My blogroll (that list under “Regularly Read” in the side bar) was way, way out-of-date. I couldn’t face the thought of manually updating it, so I dumped my OPML file from Bloglines and used that to update my Blogrolling account. My Bloglines feeds are hardly up-to-the-minute, but they’re more accurate than what they replaced.
If you used to be on that list, but you’re not any more, there are several possible reasons. One, I pretty much only regularly read sites that offer RSS feeds. If you don’t have one, you wouldn’t be among my Bloglines feeds and thus I don’t read your site regularly. Two, you’re Fark, which I prefer to read in the browser. Three, I’ve just accidentally missed your site some time in the past. Four, your site wasn’t my bag. It’s other people’s bags, just not mine.
Thanks to some bizarre formatting issue, you’ll note that every tenth site in my blogroll is one point larger than the others. I will resolve this at some later date. For now, I think it’s charmingly eclectic. The whole thing is pretty unattractive at the moment anyway.
Two minor administrative notes. Flickr guys, I’ve been monitoring a couple of public photo feeds (such as this one). When I exported my OPML file from Bloglines, these feeds didn’t get processed correctly, and ended up as:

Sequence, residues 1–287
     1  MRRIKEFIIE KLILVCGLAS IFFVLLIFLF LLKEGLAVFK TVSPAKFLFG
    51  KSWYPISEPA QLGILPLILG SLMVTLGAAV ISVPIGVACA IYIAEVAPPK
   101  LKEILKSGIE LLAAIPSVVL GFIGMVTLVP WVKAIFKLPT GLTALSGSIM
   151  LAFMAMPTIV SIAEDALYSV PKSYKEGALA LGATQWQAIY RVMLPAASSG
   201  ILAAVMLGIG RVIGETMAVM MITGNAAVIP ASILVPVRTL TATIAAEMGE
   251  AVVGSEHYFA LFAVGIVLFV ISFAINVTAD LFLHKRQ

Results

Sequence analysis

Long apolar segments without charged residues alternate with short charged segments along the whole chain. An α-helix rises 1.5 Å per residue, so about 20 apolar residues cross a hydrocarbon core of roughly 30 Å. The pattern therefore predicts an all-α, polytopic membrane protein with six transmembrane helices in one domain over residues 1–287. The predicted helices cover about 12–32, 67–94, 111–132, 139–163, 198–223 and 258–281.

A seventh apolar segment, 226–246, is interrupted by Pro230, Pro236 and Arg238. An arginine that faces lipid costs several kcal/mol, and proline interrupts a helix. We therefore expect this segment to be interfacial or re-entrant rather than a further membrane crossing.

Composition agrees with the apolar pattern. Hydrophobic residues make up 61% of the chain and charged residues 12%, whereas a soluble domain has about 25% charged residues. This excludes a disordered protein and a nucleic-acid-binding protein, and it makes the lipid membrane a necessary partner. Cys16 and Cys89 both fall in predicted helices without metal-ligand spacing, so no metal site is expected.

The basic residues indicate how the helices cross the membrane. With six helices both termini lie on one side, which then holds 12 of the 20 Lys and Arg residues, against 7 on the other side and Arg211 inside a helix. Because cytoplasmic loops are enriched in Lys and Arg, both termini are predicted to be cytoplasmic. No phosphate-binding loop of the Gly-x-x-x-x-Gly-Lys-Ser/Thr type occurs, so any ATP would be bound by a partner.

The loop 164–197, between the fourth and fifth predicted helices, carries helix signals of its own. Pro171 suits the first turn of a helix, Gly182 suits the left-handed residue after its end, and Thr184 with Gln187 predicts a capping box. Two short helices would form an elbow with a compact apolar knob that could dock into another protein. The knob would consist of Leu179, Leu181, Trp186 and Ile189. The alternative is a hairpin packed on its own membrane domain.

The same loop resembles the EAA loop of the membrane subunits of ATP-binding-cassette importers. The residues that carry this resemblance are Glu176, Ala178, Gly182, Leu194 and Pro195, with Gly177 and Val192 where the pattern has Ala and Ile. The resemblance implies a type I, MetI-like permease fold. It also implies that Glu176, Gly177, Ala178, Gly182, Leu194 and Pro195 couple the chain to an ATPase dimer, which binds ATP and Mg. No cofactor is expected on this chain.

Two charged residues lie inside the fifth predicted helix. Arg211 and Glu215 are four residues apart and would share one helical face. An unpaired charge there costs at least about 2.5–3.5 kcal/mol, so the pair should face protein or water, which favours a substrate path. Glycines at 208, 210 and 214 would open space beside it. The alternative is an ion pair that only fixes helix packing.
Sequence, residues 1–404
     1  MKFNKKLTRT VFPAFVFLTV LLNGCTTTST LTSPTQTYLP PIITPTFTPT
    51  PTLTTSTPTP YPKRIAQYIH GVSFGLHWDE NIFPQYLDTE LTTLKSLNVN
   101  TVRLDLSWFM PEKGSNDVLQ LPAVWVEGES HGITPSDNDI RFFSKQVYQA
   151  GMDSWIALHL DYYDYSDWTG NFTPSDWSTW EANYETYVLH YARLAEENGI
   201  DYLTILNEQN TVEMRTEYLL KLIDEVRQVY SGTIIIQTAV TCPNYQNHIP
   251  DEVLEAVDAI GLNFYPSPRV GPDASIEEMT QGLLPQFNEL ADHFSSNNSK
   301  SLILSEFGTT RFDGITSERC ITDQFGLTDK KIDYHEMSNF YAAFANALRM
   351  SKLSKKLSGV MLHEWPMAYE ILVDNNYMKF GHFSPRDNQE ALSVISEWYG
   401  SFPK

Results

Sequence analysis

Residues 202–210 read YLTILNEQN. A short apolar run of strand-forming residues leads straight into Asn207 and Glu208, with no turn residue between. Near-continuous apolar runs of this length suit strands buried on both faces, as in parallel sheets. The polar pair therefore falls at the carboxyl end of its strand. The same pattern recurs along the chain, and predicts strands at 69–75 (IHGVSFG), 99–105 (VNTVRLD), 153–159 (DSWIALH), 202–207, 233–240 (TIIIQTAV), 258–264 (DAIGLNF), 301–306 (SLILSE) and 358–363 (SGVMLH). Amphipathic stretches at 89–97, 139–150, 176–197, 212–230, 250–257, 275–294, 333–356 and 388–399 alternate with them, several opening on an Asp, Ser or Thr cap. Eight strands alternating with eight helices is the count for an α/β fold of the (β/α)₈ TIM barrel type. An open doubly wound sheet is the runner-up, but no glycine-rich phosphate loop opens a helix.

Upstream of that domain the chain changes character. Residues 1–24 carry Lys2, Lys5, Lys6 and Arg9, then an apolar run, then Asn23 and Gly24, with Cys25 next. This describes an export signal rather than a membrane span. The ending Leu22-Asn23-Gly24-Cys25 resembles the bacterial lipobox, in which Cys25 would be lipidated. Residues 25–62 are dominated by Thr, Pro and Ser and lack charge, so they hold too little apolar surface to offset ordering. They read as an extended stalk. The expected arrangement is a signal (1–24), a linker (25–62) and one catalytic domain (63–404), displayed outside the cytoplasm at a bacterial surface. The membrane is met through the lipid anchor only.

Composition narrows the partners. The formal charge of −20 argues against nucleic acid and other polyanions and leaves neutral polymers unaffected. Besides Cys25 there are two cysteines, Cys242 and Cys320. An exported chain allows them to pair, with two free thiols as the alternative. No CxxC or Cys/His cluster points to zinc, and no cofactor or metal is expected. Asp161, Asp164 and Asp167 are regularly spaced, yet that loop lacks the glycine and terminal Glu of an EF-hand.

This may be a Bloglines problem, but everybody else’s feeds appear to have made it through okay, so I thought I’d mention it.
Secondly, RSS publishers, keep the contents of the <title> element relatively short. When doing this kind of automagical syndication, long titles result in an ugly sidebar. This may be specific to my design, but I had to go through and cut down a bunch of the feed titles. I’ll pick on Boris’s (or should I say, “B. Mann Consulting – Technology Consulting in Vancouver”) feed as an example. He’ll no doubt have a sound argument for the search engine optimization benefits of a longer title, to which I’ll have no valid rebuttal.
UPDATE: Not to be any more tedious than necessary, but I discovered that Bloglines provides blogrolling functionality natively. Once I removed a few compromising sites from Bloglines, I was able to go straight from them into my blogroll. This enables me to eliminate one layer of complexity–Blogrolling– from the mix, which is a good thing.